the title says it all which one is lighter the nimbus frame or the original coker frame, I would gues that since the orignal coker frame would be lighter because it seems like there is less metal used but the nimbus is (I think) made of a lighter metal and has smaller tubing. so which is lighter? all help is apreciated. I’m getting a coker and want to put it on a diet (I’m bugeting for the diet so I need to to know which is lighter so I can buy that one) I’d also like to know what the bets/lightest parts would be for the coker (I figured I would ask this because I was too lazy to look for the Diet coker threads) All help is apreciated Thanks
The current one I have is the normal one, non-nimbus. It’s pretty light, but I still think the nimbus is lighter because the rods that connect the axle to the top are lighter and thinner because there are more of them so it’s more stable.
So I think the nimbus is lighter and, not exactly stronger, there both pretty strong, but it’s probably better.
That’s my opinion on a frame.
It might be lighter, but I think it’s stronger as well…for one, the stock anything usually isn’t that great, and also the description on UDC makes it sound really super good!
I recently bought a new Nimbus 36" (the blue one with the V-shaped frame). I weighed the frame separately on a professional electronic scale, it is 1142.75 grams (excluding C-cups and associated bolts and washers). I don’t know about the Coker frame weight.
Weight of coker: 8.74kg
Weight of nimbus: 8.77kg
These unis are identical apart fomr the frame, so it seems there’s nothing in it.
It is stronger, and more importantly stiffer, and you can easily fit a brake on it.
The whole point of that design of frame is primarily for strength. Well, by strength, I mean rigidity, so it won’t flex or twist when you’re riding it hard.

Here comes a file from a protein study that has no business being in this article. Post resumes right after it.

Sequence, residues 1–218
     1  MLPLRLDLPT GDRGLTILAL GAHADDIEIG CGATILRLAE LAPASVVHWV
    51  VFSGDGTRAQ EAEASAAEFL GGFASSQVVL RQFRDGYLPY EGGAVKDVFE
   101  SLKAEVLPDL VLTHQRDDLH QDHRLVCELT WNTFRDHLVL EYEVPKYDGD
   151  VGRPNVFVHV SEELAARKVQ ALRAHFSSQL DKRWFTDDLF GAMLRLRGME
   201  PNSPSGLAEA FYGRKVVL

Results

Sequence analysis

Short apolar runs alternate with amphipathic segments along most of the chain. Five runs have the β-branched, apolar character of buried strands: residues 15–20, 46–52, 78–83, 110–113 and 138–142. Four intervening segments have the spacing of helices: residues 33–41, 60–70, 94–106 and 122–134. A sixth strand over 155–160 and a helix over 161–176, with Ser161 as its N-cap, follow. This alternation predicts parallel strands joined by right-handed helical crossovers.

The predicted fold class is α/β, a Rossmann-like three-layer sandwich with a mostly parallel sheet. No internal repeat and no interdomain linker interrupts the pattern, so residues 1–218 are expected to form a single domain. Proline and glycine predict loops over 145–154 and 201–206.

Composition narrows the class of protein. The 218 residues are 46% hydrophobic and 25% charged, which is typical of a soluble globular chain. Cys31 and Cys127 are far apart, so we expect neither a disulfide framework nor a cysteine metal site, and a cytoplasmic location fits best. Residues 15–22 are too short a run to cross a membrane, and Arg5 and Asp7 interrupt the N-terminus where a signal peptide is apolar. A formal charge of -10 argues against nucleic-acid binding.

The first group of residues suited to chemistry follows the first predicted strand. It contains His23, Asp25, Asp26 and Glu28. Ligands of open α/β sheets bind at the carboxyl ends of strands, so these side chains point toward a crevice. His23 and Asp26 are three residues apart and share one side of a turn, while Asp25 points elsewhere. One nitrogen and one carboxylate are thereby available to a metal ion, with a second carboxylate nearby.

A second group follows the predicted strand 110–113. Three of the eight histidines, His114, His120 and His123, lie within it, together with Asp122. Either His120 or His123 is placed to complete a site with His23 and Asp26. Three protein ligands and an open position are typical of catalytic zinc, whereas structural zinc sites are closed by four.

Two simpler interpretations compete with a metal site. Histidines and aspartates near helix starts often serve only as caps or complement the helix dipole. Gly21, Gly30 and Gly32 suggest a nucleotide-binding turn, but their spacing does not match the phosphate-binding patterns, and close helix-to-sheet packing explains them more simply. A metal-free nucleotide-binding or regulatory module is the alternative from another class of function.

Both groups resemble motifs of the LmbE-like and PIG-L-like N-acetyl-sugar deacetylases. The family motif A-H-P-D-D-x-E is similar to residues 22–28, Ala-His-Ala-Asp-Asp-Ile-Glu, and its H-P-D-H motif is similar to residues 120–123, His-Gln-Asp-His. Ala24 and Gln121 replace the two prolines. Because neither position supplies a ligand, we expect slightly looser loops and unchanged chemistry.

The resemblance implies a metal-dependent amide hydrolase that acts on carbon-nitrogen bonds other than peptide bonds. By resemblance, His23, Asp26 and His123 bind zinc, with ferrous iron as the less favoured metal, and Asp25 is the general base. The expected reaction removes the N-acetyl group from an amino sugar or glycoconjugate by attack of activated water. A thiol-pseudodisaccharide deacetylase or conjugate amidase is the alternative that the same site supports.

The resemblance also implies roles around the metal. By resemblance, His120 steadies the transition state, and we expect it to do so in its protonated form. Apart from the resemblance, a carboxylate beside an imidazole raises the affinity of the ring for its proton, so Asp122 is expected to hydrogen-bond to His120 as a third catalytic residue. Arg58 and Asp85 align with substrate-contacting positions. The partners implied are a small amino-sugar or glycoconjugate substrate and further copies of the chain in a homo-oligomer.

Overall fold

I suspect that it is probably lighter than the stock Coker frame, although don’t have any figures to back that up.
You’ve got C-cups? Photos, please.
The Nimbus frame is heavier, I’ve got the weights somewhere but I can’t find them. The Qu-Ax frame is somewhere around 800-900 grams I think.
if you could find the weights that would be great thanks Dustin, I’m looking into doing a huge ride sometime in the near future for a cancer foundation around the US and Canada and am wanting a light but strong coker so I can take better/heavier/more gear with me… I have no idea when I’m going to do this I want to get in shape first and be able to get at least 60 miles a day and not be completely wiped out the next morning… who was it that did the huge ride around the US on a coker? I may start a thread on it later.
The weight difference between the two is probably negligable in relationship to the weight of the whole cycle. Using the stainless steel spokes and airfoil rim is going to have a much larger impact on weight and performance.
Three reasons to get the Nimbus. less flex, magura mounts, and larger diameter seat tube (I’ve broken 3 22.2mm seat posts on my coker). Even if it’s a few grams heavier (I don’t know the weights), I think these factors override weight.
Lars Clauson (www.onewheel.org) did the ride you’re thinking of.
thanks for the link, and thanks again to everyone who has replied to this thread…